Stone, whose hand was injured by the cutter, is also credited with saving Magoolian, whose neck was squirting blood.
Stone, Magoolian, Sadler and Skarlatos were awarded a medal of honor by then French president Francois Hollande in 2015.
El Khazzani risks life in prison if convicted of attempted terrorist murder.
The three others, who were not on the train, are also being tried for their roles as alleged accomplices.
Bilal Chatra, 24, an Algerian member of IS, would have been the second man on the train but dropped out of the plot a week earlier, it is alleged.
One of the passengers, Franco-American professor Mark Moogalian (pictured on Monday arriving at the trial) grabbed Khazzani’s assault rifle as he emerged from the toilet, but was shot in the process
He had left Syria for Europe a week before to set up the exit route, prosecutors said.
Mohamed Bakkali allegedly took in the Europe-bound attackers in Budapest, Hungary, which he denies. The two were arrested in Germany in 2016.
A third man, Redouane El Amrani Ezzerrifi, allegedly piloted a boat to help in their return to Europe.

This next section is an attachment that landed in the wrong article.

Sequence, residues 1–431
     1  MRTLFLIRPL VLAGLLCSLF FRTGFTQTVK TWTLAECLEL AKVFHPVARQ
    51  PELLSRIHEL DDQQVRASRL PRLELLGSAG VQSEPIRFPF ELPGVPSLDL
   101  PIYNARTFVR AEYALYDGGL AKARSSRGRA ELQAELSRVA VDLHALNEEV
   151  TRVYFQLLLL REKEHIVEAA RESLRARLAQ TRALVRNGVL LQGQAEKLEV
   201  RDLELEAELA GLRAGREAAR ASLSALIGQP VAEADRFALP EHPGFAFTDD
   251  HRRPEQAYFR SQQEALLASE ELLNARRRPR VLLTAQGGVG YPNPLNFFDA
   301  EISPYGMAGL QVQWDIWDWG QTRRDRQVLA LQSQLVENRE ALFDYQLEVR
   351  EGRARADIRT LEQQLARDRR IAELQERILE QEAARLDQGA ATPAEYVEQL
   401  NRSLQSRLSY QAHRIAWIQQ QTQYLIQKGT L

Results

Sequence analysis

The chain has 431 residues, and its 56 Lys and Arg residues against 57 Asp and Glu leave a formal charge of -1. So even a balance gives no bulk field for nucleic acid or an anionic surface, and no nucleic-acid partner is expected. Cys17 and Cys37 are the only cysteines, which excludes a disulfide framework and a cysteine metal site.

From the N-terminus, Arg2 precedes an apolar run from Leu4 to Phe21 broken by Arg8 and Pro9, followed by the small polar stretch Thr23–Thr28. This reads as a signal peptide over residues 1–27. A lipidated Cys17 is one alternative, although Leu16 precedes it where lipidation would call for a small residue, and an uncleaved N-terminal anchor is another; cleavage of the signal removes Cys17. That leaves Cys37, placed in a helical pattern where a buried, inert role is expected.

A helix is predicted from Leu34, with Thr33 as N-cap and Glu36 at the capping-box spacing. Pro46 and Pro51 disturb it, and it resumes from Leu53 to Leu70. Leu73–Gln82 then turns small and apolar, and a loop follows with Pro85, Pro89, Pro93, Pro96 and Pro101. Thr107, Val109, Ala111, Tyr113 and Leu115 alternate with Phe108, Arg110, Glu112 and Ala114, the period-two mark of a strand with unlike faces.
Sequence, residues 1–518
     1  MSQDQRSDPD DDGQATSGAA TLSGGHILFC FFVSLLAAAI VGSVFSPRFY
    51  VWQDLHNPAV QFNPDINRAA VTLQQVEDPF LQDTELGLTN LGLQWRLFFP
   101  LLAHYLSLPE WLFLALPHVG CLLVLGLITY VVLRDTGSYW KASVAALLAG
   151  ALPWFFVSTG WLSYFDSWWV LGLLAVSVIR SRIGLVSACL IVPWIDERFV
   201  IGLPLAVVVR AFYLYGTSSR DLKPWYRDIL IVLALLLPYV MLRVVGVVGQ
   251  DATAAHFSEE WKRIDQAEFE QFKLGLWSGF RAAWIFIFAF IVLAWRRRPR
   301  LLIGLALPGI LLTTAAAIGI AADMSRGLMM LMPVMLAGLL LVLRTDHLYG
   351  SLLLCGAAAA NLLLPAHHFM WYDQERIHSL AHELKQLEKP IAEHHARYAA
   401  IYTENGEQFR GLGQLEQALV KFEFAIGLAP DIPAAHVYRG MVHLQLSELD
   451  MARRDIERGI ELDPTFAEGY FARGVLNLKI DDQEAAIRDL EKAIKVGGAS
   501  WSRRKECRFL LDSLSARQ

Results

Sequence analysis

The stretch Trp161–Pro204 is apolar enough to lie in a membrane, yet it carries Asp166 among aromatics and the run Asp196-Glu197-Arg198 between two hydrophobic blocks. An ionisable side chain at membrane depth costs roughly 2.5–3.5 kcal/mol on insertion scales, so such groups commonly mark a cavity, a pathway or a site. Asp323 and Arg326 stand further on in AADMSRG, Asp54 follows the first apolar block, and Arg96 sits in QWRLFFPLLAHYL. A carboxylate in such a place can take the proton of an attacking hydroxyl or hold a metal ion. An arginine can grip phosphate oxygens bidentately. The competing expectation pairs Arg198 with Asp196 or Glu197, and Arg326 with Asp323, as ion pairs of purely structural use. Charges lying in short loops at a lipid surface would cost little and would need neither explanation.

The trial serves as a bridge to the massacre of 130 people in Paris three months later, on November 13 2015, at the Bataclan music hall and restaurants and cafes.
The man considered the likely mastermind of those attacks, Abdel Hamid Abaaoud, was the behind-the-scenes force of the train attack, planned in Syria, according to the prosecution.
Abaaoud travelled from Syria to Belgium with El Khazzani to organise attacks in Europe, and was holed up with him and Chatra in a Brussels apartment, according to the prosecution.
Abaaoud was killed by French special forces days after the Bataclan attack.
But before his death, his macabre organisational skills were at work in a failed plan to attack a church south of Paris in April 2015 that left a young woman dead.